Kile was my cousin, I knew his father to be a police officer based somewhere in the north, my father talked about Kile’s father favourably. In 1996 when AIDS was thought to be South Africans and western countries problem, it was the time that we prayed and fast in churches so we do not contact AIDS as if it was another diarrhoea (not that praying would prevent either of these but we prayed anyways and forget about proper sanitation), however we still ignored to educate the youths about the one very common way in which AIDS is contacted – sex.

I arrived in the village around 5pm one Friday, in front of my parents’ house was Kile lying down on a mat, almost lifeless. His ribs were visible through his thin layer of flesh. I bearly recognised him. It has been several years back that we last saw, when him and siblings came to the village after a terrible auto accident that killed his police officer dad. Since the death of his dad, things were not going very well with the family as they were 9 children. Kile’s mother decided to stay in the village, got her hands on all kinds of odd jobs to keep the family afloat. She did her best but keeping the children in school was not one thing she could afford given the fees. So Kile and one of his sisters decided to go back to the north to work and settle down as they were familiar with that area than the village.

Kile was around 25 years old at the time and a christian who was brought up with the strong belief of christian values. Reportedly, he was the good one, and being the ‘good one’ in Yorubaland means, he had a job, din’t smoke nor drink, and definitely didn’t have multiple girlfriends at a time. After exchanging greetings with him, I left and went inside the house. Luckily my mother was away in the farm so I was in a good mood to chat so went back outside to sit by Kile. I noticed he was clutching a notepad in his hand, a little bit too tightly as if his life depended on it. I asked what the notepad was for, he explained that the notepad was for him to jot down some Yoruba proverbs that he was learning from my father. Really?, I said. He went on telling me all that I already knew about my father but truthfully didn’t have the time nor the patience to explore. He told me how his day to day living had been slightly improved since he was brought to the village two weeks prior because he has been able to sit with my father twice a day just chatting about life. I could see how my father and Kile connected emotionally as my father at the time still from time to time would slip in to mourning the death of his sons and in Kile’s case he was like a son to my father and dying bit by bit daily.  They somehow found an unusual connection they both could relate to and made good use of the time Kile had left. Kile died a few months afterwards from AIDS complication. Antiretroviral drugs were not available at the time and the thought of coming out and take any tests is unheard of, the stigma associated with AIDS at the time is far higher than any crime in Nigeria.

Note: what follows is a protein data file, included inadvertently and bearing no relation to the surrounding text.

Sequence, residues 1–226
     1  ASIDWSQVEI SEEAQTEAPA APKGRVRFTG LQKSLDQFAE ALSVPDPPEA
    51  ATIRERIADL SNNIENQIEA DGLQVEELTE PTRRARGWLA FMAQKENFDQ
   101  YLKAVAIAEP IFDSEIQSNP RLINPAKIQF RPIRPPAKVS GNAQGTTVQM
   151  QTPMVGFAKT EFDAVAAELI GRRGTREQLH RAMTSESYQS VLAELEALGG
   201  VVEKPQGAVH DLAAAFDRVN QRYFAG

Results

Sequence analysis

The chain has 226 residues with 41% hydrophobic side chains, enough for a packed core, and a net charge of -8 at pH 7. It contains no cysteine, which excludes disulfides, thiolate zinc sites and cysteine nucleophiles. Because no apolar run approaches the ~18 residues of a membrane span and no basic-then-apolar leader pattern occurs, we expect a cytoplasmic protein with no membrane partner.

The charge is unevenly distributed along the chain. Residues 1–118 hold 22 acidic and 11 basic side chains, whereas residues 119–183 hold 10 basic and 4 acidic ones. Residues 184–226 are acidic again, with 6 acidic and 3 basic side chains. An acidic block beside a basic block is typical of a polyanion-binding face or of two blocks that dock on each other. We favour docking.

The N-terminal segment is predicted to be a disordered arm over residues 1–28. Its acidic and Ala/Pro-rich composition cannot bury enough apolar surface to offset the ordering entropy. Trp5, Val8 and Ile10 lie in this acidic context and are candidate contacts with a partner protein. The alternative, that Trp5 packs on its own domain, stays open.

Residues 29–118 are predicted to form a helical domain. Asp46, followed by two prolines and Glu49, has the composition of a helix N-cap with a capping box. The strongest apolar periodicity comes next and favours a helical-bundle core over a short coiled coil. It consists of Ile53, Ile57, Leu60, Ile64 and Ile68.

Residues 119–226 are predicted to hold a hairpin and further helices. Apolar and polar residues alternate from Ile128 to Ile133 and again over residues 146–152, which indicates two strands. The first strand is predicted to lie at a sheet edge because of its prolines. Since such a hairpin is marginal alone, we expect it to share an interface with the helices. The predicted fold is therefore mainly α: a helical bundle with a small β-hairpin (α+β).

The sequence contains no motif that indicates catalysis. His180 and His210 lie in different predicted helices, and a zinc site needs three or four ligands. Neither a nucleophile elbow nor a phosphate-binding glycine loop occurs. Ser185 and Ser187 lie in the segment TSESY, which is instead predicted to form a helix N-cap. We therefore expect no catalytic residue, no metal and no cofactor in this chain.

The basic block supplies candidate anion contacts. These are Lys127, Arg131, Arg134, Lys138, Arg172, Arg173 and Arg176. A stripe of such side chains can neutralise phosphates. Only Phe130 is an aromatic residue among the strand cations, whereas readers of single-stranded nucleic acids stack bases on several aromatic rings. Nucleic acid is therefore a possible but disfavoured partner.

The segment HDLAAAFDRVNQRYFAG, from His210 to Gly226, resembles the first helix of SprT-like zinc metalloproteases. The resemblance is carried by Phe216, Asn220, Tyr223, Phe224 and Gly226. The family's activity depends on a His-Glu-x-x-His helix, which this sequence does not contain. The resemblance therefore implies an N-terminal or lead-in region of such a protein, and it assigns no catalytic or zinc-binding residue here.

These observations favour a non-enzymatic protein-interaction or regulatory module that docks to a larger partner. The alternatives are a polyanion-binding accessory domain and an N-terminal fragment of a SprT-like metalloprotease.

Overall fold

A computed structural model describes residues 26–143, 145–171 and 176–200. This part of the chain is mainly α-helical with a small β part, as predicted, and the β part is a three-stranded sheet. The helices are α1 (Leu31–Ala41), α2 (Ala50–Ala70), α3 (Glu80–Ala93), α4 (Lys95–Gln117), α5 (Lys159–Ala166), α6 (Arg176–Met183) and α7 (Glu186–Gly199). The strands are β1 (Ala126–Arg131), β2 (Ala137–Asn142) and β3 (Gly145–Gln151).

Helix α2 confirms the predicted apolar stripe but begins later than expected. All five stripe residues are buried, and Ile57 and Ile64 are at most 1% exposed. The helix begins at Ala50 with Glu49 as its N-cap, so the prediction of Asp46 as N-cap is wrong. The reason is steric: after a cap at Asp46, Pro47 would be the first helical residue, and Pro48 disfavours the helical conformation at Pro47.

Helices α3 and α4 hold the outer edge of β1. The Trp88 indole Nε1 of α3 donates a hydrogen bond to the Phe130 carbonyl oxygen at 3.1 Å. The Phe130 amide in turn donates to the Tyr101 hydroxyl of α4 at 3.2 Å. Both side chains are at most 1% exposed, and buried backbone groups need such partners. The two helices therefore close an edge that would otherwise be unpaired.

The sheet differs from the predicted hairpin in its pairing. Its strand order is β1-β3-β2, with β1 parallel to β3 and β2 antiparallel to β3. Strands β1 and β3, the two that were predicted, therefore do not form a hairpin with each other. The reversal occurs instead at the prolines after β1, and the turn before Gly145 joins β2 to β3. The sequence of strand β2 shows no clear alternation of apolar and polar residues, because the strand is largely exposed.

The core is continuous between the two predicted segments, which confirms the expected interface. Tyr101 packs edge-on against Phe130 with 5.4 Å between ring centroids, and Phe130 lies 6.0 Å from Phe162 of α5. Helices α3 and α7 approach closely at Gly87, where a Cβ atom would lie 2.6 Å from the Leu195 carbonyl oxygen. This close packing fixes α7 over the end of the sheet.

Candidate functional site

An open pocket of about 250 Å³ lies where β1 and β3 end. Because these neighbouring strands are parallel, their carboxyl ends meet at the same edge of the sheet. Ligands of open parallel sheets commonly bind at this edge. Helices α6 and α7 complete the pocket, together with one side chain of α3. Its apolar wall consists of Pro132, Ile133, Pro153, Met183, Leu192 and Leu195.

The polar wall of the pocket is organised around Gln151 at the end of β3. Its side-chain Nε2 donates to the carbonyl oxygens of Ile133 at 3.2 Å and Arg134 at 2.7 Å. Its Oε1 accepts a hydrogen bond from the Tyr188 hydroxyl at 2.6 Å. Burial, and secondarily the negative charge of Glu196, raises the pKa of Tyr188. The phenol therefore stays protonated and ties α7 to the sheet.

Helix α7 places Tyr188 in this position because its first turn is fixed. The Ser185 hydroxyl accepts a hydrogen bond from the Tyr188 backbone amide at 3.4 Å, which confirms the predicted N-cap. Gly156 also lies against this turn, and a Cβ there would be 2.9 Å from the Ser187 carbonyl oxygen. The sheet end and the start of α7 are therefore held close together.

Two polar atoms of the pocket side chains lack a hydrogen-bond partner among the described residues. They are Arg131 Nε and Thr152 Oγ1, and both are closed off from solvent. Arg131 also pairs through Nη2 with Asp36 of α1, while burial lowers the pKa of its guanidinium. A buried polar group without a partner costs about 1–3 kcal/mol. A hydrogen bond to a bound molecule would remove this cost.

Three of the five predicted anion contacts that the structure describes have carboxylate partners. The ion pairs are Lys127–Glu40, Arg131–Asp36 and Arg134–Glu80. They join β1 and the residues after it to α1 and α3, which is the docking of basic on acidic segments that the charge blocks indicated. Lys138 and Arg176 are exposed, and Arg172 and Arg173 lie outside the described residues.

I was really very grateful for the few times I was able to sit down with Kile before his death. His grandma’s house was next door to us and the only place he visited throughout his last few months was my parents.’ Even though at the time HIV/AIDS is unspoken of, he made me realised, it could happen to anyone, we didn’t talk about it at all as I could see that the only reason he came to my parents’ was for comfort, he needed no ones pity but understanding. I was very proud of my father for making Kile’s life a little bit more bearable during the last few weeks of his life.

It was my mother who later told me that Kile died of eedi (a type of Yoruba curse). After a few minutes of my mother explaining I realised she meant AIDS, she only knew this because Kile confided in his grandmother. And as expected it went like Chinese whispers around my village so by the time of Kile’s death, everyone thinks he died of eedi. 

What can we do?

Talking openly about sex is healthy and would further help us understand the reality of HIV/AIDS. I know from experience that parents and community need to work together to drive successful campaign awareness of the disease. Events that focus on raising AIDS awareness is as rare as it was twenty years ago,  see here: Nigeria HIV/AIDS website

According to ONE, Nigeria is one of the few African nations where new infections are recorded daily, the awareness of the disease remain low due to cultural and religious beliefs of no-sex talk in public. Others factors influencing AIDS awareness in the country has reportedly been mismanagement of government funding and corruption, that’s no surprise.

Parents proactively initiating ‘the talk’ from home will go a long way.

Categories: Education, Family, Myths I grow up with, Nigeria